How to Win Friends and Influence Patients
Do you ever wish you could cultivate deeper relationships with patients to help them really improve their health?
Do you ever wish you could cultivate deeper relationships with patients to help them really improve their health? Pharmacists can use motivational interviewing, but the process can take some time.
When it comes to leadership training and interpersonal skills, no one has done it better than the late Dale Carnegie.
His bestselling book How to Win Friends and Influence People was first published in 1936. In it, he described principles that started the self-improvement conversation.
Whether it’s using motivational interviewing techniques during a medication therapy management (MTM) consultation or speaking with a difficult patient, pharmacists can use Carnegie’s principles to improve their day-to-day interactions with patients.
Here are a few of the principles that can help pharmacists interact with and serve patients more effectively:
- Don’t criticize.
- Make sure the patient feels important.
- Motivate the patient using his or her wants. “Bait the hook to suit the fish” -Lloyd George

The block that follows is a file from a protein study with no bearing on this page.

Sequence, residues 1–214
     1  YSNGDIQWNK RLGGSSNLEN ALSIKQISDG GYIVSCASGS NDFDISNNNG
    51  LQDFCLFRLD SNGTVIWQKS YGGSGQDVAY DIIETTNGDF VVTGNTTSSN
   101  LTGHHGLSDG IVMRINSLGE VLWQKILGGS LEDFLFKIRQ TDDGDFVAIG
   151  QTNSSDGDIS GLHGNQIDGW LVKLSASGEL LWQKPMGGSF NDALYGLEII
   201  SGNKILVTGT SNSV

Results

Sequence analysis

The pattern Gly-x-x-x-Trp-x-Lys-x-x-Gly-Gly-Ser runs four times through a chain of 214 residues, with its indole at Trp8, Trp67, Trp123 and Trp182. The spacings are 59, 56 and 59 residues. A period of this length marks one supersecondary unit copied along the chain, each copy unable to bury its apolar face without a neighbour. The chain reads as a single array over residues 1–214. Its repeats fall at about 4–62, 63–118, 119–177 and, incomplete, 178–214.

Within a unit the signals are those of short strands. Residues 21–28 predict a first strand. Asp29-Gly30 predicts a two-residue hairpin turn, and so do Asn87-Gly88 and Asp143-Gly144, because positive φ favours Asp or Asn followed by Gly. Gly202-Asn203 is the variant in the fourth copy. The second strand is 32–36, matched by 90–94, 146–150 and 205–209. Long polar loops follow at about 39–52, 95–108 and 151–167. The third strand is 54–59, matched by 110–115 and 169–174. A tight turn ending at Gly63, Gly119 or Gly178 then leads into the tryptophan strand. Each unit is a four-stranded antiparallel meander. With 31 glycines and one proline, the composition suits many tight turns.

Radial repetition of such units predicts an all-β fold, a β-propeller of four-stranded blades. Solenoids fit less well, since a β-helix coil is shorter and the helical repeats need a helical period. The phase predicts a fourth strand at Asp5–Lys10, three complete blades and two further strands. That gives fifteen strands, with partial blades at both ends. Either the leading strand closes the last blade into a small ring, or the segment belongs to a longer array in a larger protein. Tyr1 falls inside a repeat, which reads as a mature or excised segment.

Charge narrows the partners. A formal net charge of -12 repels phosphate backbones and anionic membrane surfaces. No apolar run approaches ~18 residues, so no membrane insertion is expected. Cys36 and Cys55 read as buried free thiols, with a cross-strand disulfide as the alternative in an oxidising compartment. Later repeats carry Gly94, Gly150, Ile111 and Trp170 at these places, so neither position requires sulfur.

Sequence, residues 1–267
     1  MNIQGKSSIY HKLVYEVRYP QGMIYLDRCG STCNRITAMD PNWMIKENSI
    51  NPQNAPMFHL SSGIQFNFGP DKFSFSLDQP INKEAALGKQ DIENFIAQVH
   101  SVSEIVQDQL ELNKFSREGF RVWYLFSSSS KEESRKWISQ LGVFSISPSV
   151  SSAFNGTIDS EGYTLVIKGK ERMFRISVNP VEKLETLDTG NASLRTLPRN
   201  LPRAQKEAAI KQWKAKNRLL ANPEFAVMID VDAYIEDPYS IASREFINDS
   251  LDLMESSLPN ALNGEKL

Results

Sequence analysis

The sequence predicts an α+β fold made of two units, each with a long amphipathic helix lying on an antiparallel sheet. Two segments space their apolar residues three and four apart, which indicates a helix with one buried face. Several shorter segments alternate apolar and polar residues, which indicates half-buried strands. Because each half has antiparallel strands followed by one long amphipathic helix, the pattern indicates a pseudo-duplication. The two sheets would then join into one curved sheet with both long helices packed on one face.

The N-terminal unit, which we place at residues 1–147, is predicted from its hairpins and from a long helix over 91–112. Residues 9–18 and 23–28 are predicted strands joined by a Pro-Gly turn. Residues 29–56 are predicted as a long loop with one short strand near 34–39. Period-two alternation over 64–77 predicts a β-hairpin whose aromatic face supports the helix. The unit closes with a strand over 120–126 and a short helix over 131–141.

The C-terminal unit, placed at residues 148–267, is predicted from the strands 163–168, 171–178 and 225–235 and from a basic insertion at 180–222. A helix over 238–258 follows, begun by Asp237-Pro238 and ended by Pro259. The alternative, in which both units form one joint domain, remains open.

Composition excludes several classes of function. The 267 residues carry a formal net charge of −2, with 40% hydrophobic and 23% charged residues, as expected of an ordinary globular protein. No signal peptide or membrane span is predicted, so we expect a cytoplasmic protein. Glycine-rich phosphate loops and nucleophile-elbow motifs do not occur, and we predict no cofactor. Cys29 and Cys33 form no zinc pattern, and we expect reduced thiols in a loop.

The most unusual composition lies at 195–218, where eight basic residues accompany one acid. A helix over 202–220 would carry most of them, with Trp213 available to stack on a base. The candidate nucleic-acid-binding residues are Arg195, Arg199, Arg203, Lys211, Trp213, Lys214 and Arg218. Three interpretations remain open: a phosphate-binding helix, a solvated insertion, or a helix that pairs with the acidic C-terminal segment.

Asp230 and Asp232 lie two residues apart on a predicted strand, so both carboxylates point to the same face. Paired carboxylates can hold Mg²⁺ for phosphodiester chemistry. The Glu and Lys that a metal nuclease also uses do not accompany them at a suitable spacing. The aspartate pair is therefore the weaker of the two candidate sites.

- Be genuinely interested in the patient and his or her interests.
- Use the patient’s name.
- Encourage patients to talk about themselves.
- Warm patients up by engaging their interests.
- Offer honest appreciation.
- Avoid arguing.
- Calmly disagree.
- Listen and identify areas of agreement.
- Promise to follow through and consider the patient’s point.
- Respect the individual.
- Admit when you are wrong.
- Let the patient do the talking.
- Guide patients to a compromising agreement, but let it be their idea.
- Provide patients with a personal challenge.
- Praise the slightest improvement.
- Give patients a reputation to live up to.
Identifying your patient's biggest interests and concerns can help you guide the conversation and influence a real change.
What principle would you add to this list? Join the conversation on Twitter @BTPharmacy and @PharmacyTimes!